Run electricity outdoors conveniently and safely by taking power to an outbuilding or installing an outdoor socket outlet.
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The best way to take power to an outbuilding is by running a 240-volt circuit from the main breaker panel in the house to a sub-panel in the outbuilding. Once the 240-volt circuit terminates in the sub-panel, it can be broken down into 240-volt circuits and 120-volt circuits as needed.
The line can be run using the appropriately sized underground cable only, but it is better to run the cable through PVC conduit to protect the cable from damage and moisture. The cable should be run about 18 inches to 24 inches below ground level.
Depending on the size of the outbuilding and its intended use, the 240-volt circuit breaker size will have to be determined. In most homeowner projects, a 20-amp or 30-amp breaker will be adequate. First it must be determined if there is an open space in the main breaker panel and then if the panel has the electrical capacity to handle another 30-amp circuit. It may very well take a licensed electrician to calculate this for you.
The best way to provide power for fountains and wet location lighting is by the use of low voltage circuits. Low voltage usually means 12 volts—the same voltage as car batteries. Systems can be bought that provide wiring, lights and the transformer. The transformer is plugged into a standard household outlet and transforms the electricity to 12 volt DC. This is safe to use in outdoor and wet locations because it cannot electrocute you or your pets.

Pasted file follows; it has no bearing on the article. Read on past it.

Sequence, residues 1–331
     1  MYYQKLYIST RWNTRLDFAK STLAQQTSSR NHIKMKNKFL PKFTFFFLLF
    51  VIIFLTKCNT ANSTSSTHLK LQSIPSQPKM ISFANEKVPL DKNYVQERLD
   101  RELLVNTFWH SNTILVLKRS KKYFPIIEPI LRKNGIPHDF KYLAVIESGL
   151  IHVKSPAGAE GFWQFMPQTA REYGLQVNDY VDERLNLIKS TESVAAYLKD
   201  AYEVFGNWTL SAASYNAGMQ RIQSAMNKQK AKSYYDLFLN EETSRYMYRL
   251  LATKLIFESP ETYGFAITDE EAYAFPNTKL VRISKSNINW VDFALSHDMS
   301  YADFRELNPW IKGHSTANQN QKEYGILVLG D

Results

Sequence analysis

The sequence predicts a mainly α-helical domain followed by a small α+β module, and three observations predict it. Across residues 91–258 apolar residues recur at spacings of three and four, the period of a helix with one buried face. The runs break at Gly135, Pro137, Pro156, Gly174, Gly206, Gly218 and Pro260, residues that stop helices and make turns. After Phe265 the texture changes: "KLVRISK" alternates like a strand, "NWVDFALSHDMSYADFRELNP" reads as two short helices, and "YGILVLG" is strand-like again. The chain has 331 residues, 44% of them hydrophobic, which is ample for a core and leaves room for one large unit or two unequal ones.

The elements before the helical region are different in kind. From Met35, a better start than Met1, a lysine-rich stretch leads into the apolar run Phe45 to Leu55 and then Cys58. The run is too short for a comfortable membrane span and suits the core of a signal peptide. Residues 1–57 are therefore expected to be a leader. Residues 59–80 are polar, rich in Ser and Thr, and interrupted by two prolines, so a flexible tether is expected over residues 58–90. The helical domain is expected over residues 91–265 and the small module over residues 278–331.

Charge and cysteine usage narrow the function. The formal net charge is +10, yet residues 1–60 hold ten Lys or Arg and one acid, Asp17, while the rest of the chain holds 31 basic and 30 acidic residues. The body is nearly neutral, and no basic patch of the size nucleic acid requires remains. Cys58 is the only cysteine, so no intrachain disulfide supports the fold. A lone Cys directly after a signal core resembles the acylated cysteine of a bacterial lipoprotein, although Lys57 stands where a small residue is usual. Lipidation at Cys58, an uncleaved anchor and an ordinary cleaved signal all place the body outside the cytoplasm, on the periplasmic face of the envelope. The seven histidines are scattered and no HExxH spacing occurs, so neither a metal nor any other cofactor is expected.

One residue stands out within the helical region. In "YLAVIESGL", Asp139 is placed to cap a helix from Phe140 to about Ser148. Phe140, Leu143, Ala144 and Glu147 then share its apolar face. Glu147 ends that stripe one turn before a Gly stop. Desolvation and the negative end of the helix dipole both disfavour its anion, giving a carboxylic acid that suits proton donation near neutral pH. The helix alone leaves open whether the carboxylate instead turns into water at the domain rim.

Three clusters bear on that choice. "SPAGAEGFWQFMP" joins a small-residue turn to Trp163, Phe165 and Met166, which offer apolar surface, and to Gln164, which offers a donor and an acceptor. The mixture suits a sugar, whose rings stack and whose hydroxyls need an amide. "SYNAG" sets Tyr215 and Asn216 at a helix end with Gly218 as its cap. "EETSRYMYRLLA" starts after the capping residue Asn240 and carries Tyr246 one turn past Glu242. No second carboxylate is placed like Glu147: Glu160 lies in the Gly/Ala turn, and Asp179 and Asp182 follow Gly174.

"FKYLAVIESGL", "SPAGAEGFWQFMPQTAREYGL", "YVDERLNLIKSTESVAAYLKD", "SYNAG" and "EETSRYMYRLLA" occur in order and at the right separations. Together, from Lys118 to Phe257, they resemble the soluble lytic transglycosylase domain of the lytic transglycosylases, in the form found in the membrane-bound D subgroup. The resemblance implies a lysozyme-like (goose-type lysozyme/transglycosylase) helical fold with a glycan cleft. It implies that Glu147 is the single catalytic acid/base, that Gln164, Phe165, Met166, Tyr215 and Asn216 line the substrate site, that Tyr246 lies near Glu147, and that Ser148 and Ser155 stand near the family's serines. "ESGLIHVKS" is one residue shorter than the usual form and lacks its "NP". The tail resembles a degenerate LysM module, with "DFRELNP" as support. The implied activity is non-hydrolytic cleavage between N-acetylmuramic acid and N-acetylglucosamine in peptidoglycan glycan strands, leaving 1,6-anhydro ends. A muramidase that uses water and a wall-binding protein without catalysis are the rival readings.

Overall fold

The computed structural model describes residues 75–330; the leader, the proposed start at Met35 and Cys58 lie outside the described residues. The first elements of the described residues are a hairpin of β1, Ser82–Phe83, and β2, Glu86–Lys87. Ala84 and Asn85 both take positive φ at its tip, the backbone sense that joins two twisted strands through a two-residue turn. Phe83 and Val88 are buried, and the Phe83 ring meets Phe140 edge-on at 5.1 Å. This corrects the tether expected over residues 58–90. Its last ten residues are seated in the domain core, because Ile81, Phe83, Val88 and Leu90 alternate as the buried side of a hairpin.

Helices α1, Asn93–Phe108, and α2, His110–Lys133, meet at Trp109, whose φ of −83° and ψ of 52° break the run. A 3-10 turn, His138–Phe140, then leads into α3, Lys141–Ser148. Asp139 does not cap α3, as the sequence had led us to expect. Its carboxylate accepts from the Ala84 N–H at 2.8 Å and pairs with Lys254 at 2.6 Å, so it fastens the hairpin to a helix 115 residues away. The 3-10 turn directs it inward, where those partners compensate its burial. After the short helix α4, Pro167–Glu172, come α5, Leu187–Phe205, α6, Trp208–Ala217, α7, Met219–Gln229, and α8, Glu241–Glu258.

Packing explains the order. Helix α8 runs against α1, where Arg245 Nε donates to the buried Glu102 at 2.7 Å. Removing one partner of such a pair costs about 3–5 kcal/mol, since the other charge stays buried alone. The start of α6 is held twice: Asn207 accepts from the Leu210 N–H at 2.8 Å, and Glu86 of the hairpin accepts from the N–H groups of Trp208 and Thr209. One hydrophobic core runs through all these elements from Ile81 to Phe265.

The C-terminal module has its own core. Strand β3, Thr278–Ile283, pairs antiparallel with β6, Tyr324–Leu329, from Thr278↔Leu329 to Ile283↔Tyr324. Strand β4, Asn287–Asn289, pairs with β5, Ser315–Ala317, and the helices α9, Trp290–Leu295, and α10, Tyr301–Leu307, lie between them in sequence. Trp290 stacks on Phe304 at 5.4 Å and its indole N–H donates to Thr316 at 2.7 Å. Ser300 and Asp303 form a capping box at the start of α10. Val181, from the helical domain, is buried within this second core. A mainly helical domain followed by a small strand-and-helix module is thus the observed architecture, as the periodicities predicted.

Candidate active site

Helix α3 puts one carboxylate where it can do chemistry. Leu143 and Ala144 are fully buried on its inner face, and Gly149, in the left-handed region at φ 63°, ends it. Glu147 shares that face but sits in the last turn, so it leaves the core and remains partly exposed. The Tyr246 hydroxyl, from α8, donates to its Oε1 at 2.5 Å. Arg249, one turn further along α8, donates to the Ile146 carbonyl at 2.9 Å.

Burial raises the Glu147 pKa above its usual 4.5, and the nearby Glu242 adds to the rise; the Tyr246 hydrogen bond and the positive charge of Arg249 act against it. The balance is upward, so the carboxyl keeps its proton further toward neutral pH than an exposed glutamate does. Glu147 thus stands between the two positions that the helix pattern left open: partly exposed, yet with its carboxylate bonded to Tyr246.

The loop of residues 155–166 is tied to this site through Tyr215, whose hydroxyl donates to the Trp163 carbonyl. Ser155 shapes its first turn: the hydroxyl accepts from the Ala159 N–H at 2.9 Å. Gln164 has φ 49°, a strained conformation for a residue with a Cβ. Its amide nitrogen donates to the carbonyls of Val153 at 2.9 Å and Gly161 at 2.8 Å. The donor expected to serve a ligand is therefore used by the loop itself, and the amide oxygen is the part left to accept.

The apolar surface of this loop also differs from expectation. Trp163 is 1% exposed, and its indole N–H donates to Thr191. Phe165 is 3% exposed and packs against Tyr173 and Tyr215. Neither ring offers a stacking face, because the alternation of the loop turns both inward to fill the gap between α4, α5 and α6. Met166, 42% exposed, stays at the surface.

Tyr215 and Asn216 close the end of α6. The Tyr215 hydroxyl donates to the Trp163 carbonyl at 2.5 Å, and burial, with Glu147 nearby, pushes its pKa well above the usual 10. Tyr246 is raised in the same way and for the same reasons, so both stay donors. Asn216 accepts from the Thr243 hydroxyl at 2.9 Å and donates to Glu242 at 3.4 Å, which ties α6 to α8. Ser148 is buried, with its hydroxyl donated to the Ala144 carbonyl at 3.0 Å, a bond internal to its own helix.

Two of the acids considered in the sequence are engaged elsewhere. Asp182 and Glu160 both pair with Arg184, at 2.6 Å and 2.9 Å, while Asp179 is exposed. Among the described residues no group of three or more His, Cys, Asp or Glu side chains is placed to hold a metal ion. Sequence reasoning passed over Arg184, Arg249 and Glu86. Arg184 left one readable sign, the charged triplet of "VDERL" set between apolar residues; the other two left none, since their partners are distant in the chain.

The transformer should be plugged into an outlet that is protected by a Ground Fault Circuit Interupter (GFCI). This added safety feature protects the circuit as well as the users. The installer should always follow the instructions that are provided with the low voltage system that will explain its use and installation.
Exterior outlets can be single or duplex, and should have spring-loaded covers. The covers protect the outlet from bugs, insects, dirt and moisture. These days they are also, by code, ground fault circuit interrupters (GFCI) for added safety. Outside, a person is more easily grounded and is often working with water and power tools so electrocution is a danger. If your home does not have GFCI protection, it can be added.
Flush Mount Outdoor Wall Plate (image below)
Covered outdoor outlets are often metal for durability and have spring-loaded covers.
An outdoor motion sensor may add add comfort, safety and convenience to your home. When you arrive home after dark, it senses your movements as you approach and turns on exterior lights. And you don’t have to fumble in the dark for keys, or trip over things that you cannot see. An outdoor motion sensor also provides safety, because it comes on to let you know if anyone approaches your home so you can see who it is. It can also deter burglars by creating a well-lit area where they cannot be concealed as they attempt to gain entry.
These units are usually adjustable for sensitivity and angle so that they can be set to sense only montion on your property and will not pick up motion down the street or in the next yard.